As with Titans, the Frontier contains Pilots of many different styles and experiences. Titan Pilots are rated by 'certifications', most of which apply to civilian applications, such as construction, shipping, and heavy salvage industries. The most prestigious of these is the Full Combat Certification, a widely published series of tests that grade a Titan Pilot's abilities. Because of the extreme physical and mental challenges of mastering both Titan combat and dismounted parkour movement, a fully combat certified Titan pilot is a rare find, and the combat skills of active Pilots in the field varies widely throughout the Frontier.
If you have never played classic Titanfall before, this is the place to start. Kill anything on the enemy team to earn Attrition Points! This includes enemy Grunts, Spectres, Pilots, Titans, and Dropships. The winning team is the one that hits the score limit first, or has the highest score when the time is up.
Last Titan Standing
In Last Titan Standing, all Pilots start in a Titan. Your team must eliminate all of the enemy team's Titans or Pilots to win. This is a round-based mode, and the team that wins the best of five rounds wins the match. Within each round, there is no respawning, and there are no replacement Titans, until the next round starts. However, if your Titan is destroyed, and you successfully eject, you can continue to play as a Pilot, helping your teammates eliminate the other team’s Titans.
This game mode is all about capturing and holding three system nodes, known as hardpoints. Capture and hold the three hardpoints on the map for your team to earn points – the more hardpoints you hold, the faster you accrue points. Capture neutral hardpoints by standing near them for a short period of time. Retake enemy-held hardpoints by standing near them for a longer period of time – a hardpoint must be rendered neutral before you can begin to capture it. If enemies are near a hardpoint, you must find and eliminate them before any capturing or neutralising can occur.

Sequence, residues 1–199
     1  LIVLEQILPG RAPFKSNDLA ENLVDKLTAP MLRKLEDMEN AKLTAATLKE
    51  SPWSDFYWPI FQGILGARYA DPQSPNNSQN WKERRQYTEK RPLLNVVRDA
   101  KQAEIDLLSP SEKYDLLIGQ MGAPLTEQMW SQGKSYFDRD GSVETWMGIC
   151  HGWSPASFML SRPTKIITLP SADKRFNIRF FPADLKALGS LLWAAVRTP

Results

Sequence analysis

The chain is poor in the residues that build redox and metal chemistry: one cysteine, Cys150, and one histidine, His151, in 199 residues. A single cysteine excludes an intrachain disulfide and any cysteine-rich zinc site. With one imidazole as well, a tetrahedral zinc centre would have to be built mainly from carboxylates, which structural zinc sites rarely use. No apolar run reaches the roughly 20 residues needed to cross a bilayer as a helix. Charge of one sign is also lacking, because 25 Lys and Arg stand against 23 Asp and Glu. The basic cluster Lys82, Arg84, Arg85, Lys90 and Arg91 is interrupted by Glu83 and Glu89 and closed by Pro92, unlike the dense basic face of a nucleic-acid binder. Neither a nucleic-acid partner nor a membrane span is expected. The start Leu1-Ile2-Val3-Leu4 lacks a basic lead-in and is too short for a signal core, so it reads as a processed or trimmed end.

Capture the Flag
Steal the enemy flag and return it to your base, while stopping the enemy team from grabbing your flag! To score a capture, your team's flag must be present at your base, set into its pedestal. Then, if you have the enemy flag, capture it by running through your team's flag at your base. The winning team is the one with the most captures when the match timer runs out.
In Pilot Hunter, it's all about hunting or being hunted! Kill the enemy team's Pilots to reach the score limit and win – one point is awarded for each Pilot killed. Although killing Grunts and Spectres in this mode will not earn points towards your team's score, doing so will still give you build time reductions on your replacement Titans and Titan Core Ability.
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Top customer reviews
If the developer realises they can make money by having some AI enemies it would breathe a whole new life into the game and may make me want to play it. however I wont be buying into any franchise unless this happens.
Before I get shot down in the reviews maybe I should give it another go but life is short, time is precious and older games get shelved
You can feel some of the same gameplay elements have made their way across - but the overall experience feels half-baked by comparison; More like a mod for an existing game than a 'AAA' title in itself, and certainly not worth the full asking price (£35 at the time of purchase).
- The use of low-threat 'creeps' (AI infantry) to increase the effect number of combatants is a great idea and something I hope to see in other games in the future. I'd rather have a playable 6v6 with 50+ AI combatants than a laggy 64 player game
- The Titans 'auto' modes, the way pilots enter (with the Titan occasionally grabbing the player), and the ability to ride/rodeo a friendly or enemy Titan respectively are all also great ideas
- Maxed out at 2560x1600, the artwork/graphics look reasonably impressive and the levels are sufficiently diverse in style and atmosphere, although there are various indications that this was originally designed for the 360/PS3 generation
- It doesn't feel like as much of a console port as I'd feared, save for the networking aspects mentioned below
- Titan gameplay and combat is reasonably satisfying
- The install is huge (~50GB). This wouldn't be a problem if it was all high definition campaign/multiplayer content, but 35GB of this is uncompressed audio files. Their explanation; not needing to decompress the audio means lower system requirements. I run a high end PC with an SSD. Its drive space is limited, performance is not. I appreciate the desire to cater to customers with lower end machines, but an option to use compressed audio files for more powerful machines (as every other game in existence does by default) would have been appreciated, rather than using up £30-40 worth of SSD space.